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Cf. for a recent collection of essays concerning the theory of dignity and its possible foundational status in bioethics (Pellegrino 2009). (Dodds 2007), p. 501. (Stirrat 2005), p. 128. For an insightful critique of common care-ethical approaches cf. (Paley 2011).

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the normative reflection. This may be the case when patients are not able to articulate their needs due to their medical condition, their young age, or mental capability. Since we can almost always presuppose that patients are not unrelated beings but embedded in different webs of relations, it may often be feasible to consult with these relevant other persons, and bioethics has developed (along the lines of an autonomy-based ethics) the so-called standard of best interest that care ethics may counter with the standard of best care. The normative limit of the care-ethics, however, is the same as it is for the ethics of autonomy: this is the inalienable dignity of the patient that must be respected, and that must be particularly respected in situations of increased vulnerability. Everything is dependent, then, on how we can conceive of dignity in the context of bioethics, and moreover, how dignity is spelled out in different kinds of human rights.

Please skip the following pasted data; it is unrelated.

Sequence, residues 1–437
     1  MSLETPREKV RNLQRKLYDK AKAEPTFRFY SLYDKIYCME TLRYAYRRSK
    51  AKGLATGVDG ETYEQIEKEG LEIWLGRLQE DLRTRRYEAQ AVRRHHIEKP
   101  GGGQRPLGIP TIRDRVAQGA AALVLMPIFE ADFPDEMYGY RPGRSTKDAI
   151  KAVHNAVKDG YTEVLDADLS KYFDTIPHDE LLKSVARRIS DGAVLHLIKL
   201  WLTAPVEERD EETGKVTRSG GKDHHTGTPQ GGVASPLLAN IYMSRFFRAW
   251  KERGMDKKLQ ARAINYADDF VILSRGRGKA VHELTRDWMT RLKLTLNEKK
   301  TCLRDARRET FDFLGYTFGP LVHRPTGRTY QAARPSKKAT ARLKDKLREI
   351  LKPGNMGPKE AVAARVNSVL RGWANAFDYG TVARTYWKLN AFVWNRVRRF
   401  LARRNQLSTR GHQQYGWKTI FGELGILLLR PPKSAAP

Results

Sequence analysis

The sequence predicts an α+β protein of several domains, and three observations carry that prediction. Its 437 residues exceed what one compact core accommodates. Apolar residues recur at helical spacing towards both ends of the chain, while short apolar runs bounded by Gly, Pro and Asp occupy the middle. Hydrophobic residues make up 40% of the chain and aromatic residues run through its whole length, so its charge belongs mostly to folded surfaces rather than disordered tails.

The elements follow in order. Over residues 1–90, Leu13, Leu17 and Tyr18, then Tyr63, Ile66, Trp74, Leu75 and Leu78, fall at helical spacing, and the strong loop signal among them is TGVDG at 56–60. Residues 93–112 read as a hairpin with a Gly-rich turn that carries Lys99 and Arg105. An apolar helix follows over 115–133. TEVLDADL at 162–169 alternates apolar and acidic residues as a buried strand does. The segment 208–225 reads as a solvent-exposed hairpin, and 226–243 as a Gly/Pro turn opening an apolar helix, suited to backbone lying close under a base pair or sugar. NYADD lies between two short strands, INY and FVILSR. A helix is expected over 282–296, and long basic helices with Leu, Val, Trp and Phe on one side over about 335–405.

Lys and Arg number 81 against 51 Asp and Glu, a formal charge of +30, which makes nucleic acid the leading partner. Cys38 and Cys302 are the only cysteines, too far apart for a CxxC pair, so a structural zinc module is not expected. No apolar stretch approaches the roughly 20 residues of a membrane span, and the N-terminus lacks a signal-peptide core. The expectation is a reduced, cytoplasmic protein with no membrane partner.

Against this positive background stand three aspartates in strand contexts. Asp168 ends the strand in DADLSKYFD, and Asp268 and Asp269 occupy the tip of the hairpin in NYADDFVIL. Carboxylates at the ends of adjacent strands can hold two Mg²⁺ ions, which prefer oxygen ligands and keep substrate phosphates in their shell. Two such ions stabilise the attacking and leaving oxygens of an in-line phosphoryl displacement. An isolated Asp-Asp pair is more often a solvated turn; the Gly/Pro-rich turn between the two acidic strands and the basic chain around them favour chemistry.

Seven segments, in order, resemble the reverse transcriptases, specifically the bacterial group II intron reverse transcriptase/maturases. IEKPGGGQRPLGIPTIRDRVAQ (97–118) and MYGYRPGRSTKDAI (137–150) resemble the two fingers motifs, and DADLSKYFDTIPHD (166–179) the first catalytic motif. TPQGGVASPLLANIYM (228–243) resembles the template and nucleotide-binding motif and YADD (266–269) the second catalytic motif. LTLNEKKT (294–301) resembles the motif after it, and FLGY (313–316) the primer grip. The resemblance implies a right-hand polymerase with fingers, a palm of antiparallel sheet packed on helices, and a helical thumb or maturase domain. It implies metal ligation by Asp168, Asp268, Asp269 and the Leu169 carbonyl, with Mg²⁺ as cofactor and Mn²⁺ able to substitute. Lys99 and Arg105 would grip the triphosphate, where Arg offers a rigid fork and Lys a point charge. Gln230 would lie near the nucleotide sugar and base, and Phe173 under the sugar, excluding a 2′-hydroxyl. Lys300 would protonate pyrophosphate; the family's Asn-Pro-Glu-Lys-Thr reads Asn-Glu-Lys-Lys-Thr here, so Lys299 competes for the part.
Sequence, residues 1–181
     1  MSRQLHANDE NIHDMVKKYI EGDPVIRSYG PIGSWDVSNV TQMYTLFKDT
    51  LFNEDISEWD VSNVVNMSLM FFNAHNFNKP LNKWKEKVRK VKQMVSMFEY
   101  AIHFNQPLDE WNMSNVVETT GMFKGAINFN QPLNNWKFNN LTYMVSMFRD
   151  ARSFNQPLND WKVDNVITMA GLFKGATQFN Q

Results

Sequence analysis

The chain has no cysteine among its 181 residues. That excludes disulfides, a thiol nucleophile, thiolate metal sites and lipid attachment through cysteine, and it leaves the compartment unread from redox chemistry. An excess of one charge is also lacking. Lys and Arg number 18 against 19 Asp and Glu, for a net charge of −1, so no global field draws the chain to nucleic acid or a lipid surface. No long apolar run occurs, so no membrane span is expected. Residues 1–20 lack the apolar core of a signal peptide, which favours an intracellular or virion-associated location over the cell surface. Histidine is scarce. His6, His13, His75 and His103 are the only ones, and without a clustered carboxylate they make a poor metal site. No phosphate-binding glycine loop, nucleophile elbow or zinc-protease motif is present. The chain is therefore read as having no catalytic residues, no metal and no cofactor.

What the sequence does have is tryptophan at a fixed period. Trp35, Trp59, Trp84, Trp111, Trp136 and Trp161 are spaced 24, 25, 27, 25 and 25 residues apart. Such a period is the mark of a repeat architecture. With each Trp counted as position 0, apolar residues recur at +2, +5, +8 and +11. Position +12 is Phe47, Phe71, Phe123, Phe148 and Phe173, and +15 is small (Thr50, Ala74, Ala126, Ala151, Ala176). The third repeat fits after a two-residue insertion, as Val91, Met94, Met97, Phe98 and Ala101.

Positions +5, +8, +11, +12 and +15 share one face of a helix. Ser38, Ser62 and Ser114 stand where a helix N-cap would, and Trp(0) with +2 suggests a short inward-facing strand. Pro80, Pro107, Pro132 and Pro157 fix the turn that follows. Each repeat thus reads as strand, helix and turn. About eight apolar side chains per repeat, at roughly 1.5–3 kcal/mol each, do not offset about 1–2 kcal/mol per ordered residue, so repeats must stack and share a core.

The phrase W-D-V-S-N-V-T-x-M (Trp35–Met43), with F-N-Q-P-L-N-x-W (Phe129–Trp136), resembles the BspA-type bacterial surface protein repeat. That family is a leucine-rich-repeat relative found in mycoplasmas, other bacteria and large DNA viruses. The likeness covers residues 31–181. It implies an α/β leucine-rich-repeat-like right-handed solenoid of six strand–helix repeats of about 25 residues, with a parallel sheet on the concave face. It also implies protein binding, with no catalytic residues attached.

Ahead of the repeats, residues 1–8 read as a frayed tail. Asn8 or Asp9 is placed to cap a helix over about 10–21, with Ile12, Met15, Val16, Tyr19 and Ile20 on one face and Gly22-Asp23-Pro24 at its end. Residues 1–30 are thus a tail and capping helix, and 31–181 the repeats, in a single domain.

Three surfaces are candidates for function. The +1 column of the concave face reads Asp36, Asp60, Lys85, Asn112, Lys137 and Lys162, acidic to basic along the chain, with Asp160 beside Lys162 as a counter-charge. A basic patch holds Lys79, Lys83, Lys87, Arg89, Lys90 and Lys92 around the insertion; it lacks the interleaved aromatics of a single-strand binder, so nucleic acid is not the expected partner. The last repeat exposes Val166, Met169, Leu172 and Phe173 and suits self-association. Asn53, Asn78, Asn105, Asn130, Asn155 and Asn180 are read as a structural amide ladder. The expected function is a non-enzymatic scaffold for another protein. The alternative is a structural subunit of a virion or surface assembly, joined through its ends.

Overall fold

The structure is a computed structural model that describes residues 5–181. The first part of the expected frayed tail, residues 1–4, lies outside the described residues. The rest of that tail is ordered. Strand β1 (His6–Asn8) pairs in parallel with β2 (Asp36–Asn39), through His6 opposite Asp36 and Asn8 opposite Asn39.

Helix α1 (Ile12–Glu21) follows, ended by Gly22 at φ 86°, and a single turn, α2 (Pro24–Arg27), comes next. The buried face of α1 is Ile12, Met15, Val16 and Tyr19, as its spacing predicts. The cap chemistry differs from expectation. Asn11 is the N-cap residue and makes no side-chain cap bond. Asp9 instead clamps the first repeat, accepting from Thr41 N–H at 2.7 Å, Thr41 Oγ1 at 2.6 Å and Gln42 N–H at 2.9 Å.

The return of the question of methods The limits of both autonomy and care ethics approaches show that bioethics needs to broaden the methodological framework within which medical-ethical questions are negotiated. I see a trend in contemporary approaches to bioethics to rather describing various individual values and social norms than normatively evaluating them. Ignoring this specific task, more and more empirical studies replace normative analyses; they tacitly operate on the belief that a) since pluralistic societies need to respect the patient’s will, empirical studies can shed light on what individuals think; furthermore, surveys exploring a population’s stance on particular practices are instruments of deciphering social values and norms; these, in turn, are taken as an important basis for legal regulations in democratic societies. The flaw of this approach is not so much that its informative value is limited – this holds true of any empirical study or poll; rather it confuses the majority votes with the validity of moral claims. A critical ethics based on the foundational principle of dignity and human rights cannot knuckle down to majority views; rather, it has to argue for the justification of moral claims. Many studies in bioethics overlook this task of normative justification altogether. But while ethics certainly needs to interpret existential experiences and social practices, it also needs to offer a normative framework to determine, for example, the correlation of freedom and responsibility. Certainly, descriptive and comparative studies are an indispensable part of what I call a critical hermeneutical ethics. As such, bioethical approaches and approaches in cultural anthropology, ethnology and social sciences will coexist parallel to each other, and they will strive to overcome the current deficit that often exists because they remain unconnected.25 However, in addition to the descriptive depiction of normative orders or the critical analysis of social practices, the reflection on normativity is indispensable. Hence, the critical hermeneutical ethics is to be complemented with a normative ethics that I call a historically sensitive universalistic human rights approach. A number of bioethicists who have confronted the question of normativity refer to a theory of a deliberative democracy, leaving foundational ethical questions to a discourse model of decision-making. But as much as this may be a possible (democratic) procedure for political decisions, it does not suffice for the bioethical normative reflection. Insofar as ethics 25